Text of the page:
Tuesday, 14 October 2014

Supporting PHP in Visual Studio

I was very recently asked to lend my support for maintaining a website we have which is written in PHP. Now normally I’d run straight off to my trusty little 2010 macbook (which, by the way, has NOT degraded in speed in all that time nor does it require constant reboots..do you hear that windows? I digress) and use any one of the free or cheap plethora of tools to help with this task. Personally I tend to use Aptana Studio. Just for once I thought I would try and leverage my normal windows work machine for this task and so I turned straight to Visual Studio. It turns out that there is an add-on for studio made by the guys at Devsense. So using the Visual Studio Extensions and Updates manager I installed the add in called ‘PHP Tools for VS 2013′ (which is on a 30 day trial) and awaiting the amazingness…..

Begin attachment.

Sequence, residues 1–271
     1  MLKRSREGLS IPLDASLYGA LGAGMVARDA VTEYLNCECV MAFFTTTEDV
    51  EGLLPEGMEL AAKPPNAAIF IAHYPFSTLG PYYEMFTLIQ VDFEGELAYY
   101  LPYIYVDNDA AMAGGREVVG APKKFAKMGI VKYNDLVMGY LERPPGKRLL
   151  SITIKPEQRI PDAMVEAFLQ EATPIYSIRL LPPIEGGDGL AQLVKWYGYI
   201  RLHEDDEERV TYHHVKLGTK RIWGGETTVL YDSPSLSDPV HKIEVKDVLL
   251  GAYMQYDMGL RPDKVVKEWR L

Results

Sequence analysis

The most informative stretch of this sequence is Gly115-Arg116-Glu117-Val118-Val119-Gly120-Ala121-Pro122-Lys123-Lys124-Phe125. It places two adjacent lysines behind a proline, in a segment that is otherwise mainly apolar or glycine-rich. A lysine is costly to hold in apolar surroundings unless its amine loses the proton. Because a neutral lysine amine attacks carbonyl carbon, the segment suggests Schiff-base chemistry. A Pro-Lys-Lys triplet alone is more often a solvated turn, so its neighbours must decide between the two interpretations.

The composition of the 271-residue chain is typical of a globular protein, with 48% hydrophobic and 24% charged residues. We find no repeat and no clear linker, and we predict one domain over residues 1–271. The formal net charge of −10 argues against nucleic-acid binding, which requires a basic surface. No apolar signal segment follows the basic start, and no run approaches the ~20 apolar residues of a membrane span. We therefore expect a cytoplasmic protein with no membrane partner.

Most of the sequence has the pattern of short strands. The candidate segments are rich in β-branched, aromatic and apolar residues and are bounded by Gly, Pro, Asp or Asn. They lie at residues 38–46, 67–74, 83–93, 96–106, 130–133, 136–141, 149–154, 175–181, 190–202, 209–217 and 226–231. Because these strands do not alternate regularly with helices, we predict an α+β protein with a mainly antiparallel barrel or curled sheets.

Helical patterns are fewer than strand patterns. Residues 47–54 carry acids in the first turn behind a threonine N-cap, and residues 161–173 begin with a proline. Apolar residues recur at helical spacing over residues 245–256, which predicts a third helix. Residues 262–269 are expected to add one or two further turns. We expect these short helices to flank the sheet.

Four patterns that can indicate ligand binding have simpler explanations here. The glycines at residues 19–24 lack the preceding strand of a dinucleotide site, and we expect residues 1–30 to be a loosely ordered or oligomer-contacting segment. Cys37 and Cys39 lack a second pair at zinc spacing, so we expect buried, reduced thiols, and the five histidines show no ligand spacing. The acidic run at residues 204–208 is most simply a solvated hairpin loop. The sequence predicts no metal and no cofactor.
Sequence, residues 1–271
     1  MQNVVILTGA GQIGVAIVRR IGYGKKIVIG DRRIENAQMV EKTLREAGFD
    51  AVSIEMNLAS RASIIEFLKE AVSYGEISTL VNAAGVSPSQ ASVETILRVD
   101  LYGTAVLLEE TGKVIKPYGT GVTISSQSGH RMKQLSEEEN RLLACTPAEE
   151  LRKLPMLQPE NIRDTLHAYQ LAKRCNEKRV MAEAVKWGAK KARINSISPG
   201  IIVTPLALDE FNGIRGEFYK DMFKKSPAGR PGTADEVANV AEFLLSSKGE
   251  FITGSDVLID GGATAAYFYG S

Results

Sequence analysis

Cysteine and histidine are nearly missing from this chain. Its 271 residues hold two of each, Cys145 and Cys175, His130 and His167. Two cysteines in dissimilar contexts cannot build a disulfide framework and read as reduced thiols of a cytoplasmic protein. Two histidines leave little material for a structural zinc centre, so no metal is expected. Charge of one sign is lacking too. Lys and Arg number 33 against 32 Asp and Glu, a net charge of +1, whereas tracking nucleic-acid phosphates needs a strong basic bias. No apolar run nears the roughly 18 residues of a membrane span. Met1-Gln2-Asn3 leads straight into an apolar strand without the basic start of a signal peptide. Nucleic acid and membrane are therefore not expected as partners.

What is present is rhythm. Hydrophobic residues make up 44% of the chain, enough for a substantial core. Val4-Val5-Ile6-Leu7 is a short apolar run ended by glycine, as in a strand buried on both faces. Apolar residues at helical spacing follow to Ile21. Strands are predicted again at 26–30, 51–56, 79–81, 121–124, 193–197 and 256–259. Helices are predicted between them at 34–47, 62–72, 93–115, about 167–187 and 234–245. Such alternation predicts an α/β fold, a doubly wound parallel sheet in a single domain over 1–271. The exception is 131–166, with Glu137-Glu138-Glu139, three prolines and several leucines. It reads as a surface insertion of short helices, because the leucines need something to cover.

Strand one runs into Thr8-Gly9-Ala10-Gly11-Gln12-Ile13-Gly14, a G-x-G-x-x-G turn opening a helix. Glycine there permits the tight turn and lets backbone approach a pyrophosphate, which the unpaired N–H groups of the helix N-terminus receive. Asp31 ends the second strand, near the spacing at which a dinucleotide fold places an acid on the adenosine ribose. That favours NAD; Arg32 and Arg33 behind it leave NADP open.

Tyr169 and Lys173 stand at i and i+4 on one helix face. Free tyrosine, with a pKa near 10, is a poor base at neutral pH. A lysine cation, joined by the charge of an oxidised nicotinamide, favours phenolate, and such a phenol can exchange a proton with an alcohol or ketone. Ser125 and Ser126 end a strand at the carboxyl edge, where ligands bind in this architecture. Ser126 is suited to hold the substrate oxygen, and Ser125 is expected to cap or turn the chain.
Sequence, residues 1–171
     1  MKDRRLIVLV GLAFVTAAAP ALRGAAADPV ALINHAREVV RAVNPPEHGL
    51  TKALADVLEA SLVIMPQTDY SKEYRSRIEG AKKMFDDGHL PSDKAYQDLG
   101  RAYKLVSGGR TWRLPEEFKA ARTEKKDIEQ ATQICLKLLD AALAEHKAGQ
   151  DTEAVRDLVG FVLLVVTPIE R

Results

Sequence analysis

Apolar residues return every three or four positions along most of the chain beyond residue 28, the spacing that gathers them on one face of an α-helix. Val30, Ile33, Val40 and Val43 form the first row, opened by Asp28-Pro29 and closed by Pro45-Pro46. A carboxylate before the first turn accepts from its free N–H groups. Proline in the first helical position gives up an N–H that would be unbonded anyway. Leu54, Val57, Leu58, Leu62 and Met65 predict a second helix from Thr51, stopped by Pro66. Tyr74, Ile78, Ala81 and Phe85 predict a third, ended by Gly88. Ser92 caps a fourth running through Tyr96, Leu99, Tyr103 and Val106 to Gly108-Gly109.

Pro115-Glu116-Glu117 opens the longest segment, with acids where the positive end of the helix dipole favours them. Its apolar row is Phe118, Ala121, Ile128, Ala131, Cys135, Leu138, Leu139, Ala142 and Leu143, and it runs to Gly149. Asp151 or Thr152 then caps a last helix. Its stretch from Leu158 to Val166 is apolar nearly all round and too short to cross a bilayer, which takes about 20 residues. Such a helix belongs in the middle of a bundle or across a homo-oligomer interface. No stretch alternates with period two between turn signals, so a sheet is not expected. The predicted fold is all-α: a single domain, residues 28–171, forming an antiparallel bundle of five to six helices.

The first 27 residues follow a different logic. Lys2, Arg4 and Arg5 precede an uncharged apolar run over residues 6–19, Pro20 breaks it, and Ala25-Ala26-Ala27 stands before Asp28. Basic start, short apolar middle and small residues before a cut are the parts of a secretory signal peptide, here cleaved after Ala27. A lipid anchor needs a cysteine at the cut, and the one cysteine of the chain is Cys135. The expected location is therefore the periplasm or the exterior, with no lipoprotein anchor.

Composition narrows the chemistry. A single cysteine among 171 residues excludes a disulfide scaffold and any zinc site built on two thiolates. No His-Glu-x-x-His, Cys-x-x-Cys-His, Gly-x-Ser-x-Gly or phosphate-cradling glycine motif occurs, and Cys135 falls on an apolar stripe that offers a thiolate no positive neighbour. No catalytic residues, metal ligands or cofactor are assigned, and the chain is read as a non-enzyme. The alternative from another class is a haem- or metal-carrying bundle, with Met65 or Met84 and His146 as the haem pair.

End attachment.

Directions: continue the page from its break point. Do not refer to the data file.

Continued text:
Time passed and true amazingness did not happen and so I decided that I would just get on with my work instead.

I downloaded the source for the website put it onto my machine and then started the process. As the project is an already existing site i needed to run the ‘Project From Existing Code’ menu item available from the File/New menu item. This takes you through a simple wizard and at the end of this process you have a visual studio project with all of your PHP code. Great, so now down to it…. Unfortunately what I did not realise was that this site made use of PEAR extensions, thus everytime i tried to run a page with email capabilities it would just break unable to resolve the necessary libraries.